Elon, N.C. — With eight days to go before the election, President Barack Obama and Republican challenger Mitt Romney are virtually tied in North Carolina, according to a poll released Monday.
The Elon University Poll surveyed 1,238 likely voters statewide between Oct. 21 and Oct. 26 and found that Obama and Romney each attracted 45 percent support, with 5 percent still undecided. The poll has a margin of error of plus or minus 2.8 percentage points.
An August poll by Elon University had Romney in front by 4 percentage points.
In the latest poll, 51 percent of respondents said Romney would do a better job handling the U.S. economy, compared with 42 percent for Obama. Still, 45 percent said the president has a better vision for addressing the nation's problems, compared with 41 percent for Romney.
"The economy is the most prominent issue of the election and is an important reason why Mitt Romney is in a tight race with the incumbent president,” Kenneth Fernandez, director of the Elon University Poll, said in a statement. “But respondents also seem to have a growing optimism about the economy. More people believe the economy will improve over the next year, and those optimists are more likely to vote for Barack Obama.”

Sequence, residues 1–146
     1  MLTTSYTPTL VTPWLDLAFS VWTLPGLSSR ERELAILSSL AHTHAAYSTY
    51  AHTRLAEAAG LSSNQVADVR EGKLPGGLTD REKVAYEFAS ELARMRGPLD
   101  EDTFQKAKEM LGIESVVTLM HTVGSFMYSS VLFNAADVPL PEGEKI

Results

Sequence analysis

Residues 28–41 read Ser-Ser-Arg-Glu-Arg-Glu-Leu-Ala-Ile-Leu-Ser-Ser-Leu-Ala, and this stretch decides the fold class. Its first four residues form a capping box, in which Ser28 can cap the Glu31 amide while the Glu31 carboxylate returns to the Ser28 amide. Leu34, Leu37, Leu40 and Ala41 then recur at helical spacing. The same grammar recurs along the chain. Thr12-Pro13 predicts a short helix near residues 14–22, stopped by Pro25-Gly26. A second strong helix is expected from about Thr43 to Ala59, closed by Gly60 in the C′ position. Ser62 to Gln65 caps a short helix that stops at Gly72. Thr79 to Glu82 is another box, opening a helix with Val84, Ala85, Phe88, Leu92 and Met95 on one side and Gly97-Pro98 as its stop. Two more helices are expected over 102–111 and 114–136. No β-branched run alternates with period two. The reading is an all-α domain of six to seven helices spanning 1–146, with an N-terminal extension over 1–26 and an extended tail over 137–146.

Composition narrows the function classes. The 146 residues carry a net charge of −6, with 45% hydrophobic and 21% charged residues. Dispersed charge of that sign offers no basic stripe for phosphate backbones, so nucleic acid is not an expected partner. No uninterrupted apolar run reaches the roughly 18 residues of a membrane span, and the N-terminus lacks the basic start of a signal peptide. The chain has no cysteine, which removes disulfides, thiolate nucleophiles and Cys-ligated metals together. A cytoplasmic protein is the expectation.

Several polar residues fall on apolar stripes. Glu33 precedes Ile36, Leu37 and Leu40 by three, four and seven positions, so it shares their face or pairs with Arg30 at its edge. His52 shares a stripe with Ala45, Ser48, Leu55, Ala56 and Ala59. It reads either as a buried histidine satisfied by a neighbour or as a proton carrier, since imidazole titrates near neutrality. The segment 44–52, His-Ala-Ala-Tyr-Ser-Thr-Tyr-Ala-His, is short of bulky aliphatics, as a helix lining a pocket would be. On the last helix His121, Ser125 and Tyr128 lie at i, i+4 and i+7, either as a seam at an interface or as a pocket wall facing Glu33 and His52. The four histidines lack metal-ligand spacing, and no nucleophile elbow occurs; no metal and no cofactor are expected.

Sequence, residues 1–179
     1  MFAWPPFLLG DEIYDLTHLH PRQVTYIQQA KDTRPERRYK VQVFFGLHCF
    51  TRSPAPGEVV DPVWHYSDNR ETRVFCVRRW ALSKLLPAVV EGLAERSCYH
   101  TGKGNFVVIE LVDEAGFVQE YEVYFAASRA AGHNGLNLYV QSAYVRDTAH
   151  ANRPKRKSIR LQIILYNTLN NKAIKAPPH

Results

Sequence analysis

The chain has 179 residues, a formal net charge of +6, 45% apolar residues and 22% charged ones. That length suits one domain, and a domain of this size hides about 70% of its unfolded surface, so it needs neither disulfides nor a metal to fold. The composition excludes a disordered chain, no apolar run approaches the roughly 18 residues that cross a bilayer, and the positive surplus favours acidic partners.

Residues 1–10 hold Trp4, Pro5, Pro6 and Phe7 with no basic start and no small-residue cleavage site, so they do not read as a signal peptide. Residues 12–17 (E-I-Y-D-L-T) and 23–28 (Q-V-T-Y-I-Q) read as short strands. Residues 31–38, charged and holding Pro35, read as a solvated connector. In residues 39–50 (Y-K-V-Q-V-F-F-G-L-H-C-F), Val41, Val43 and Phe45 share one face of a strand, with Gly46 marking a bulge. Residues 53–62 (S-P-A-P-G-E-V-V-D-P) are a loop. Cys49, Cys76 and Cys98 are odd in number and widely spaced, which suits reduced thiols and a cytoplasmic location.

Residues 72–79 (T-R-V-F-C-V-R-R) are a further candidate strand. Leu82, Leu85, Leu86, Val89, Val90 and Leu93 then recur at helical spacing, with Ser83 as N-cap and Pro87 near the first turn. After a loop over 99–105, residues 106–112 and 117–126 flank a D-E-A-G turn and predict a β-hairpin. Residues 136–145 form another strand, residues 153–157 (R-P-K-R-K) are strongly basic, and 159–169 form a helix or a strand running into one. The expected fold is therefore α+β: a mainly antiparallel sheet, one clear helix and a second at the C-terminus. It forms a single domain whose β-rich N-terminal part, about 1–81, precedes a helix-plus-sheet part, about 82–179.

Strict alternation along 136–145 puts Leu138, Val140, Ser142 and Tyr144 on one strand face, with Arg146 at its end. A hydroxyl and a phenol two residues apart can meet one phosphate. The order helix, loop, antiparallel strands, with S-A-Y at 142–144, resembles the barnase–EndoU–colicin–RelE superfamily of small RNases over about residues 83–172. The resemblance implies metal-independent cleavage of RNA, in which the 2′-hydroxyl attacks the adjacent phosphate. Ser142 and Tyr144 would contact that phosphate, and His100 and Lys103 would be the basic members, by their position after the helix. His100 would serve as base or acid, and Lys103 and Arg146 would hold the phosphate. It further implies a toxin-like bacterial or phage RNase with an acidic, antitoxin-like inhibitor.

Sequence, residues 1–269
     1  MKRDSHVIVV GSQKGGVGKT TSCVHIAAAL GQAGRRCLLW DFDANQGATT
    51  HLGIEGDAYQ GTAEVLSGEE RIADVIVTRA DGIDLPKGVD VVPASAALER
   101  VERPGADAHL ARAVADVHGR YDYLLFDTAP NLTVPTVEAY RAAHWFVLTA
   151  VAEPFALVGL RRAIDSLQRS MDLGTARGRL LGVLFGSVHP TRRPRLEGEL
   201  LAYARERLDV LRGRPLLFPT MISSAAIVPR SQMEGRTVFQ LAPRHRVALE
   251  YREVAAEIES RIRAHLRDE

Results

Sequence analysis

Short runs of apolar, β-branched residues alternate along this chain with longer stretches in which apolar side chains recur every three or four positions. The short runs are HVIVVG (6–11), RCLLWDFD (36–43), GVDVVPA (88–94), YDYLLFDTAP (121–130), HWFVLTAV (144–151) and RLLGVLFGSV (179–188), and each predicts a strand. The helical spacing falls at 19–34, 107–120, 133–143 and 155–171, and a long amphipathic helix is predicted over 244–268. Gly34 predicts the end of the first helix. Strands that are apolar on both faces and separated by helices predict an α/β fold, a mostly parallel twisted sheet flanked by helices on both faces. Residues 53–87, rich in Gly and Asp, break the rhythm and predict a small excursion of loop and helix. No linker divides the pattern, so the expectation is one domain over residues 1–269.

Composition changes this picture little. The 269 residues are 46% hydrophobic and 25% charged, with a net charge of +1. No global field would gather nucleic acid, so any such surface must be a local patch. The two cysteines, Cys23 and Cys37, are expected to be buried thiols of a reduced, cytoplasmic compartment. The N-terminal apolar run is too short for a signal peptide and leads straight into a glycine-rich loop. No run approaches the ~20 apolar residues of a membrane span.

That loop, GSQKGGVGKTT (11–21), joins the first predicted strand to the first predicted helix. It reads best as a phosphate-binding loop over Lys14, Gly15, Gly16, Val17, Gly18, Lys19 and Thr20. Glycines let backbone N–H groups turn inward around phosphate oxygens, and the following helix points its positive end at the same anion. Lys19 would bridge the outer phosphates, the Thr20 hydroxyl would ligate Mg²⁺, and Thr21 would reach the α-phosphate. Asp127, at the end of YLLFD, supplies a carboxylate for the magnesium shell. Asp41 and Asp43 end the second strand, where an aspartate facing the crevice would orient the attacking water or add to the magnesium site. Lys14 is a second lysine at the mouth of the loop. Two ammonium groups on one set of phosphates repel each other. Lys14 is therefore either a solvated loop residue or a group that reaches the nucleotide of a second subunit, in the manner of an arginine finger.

Almost half of those polled said the U.S. economy would be better next year, while only 8 percent said it would get worse. Twenty-nine percent said they expect it to continue sputtering along at the same pace.
Obama outpolled Romney in all other areas, although some were within the margin of error. He leads 52 to 42 percent on foreign policy, 50 to 43 percent on health care, 47 to 45 percent on immigration and 47 to 46 percent on national security.
Also, 46 percent of those polled said they trust Obama more, compared with 38 percent who said Romney was more trustworthy. Respondents said Obama shared their values more than Romney, by 47 to 45 percent.
Forty-nine percent of respondents said they believe Romney will raise taxes on the middle class, compared with 37 percent who believe Obama will raise taxes.
The poll also showed that Republican Pat McCrory should win North Carolina's gubernatorial election handily over Democratic Lt. Gov. Walter Dalton. McCrory was favored by 52 percent of respondents, compared with 38 percent for Dalton. Eight percent remain undecided.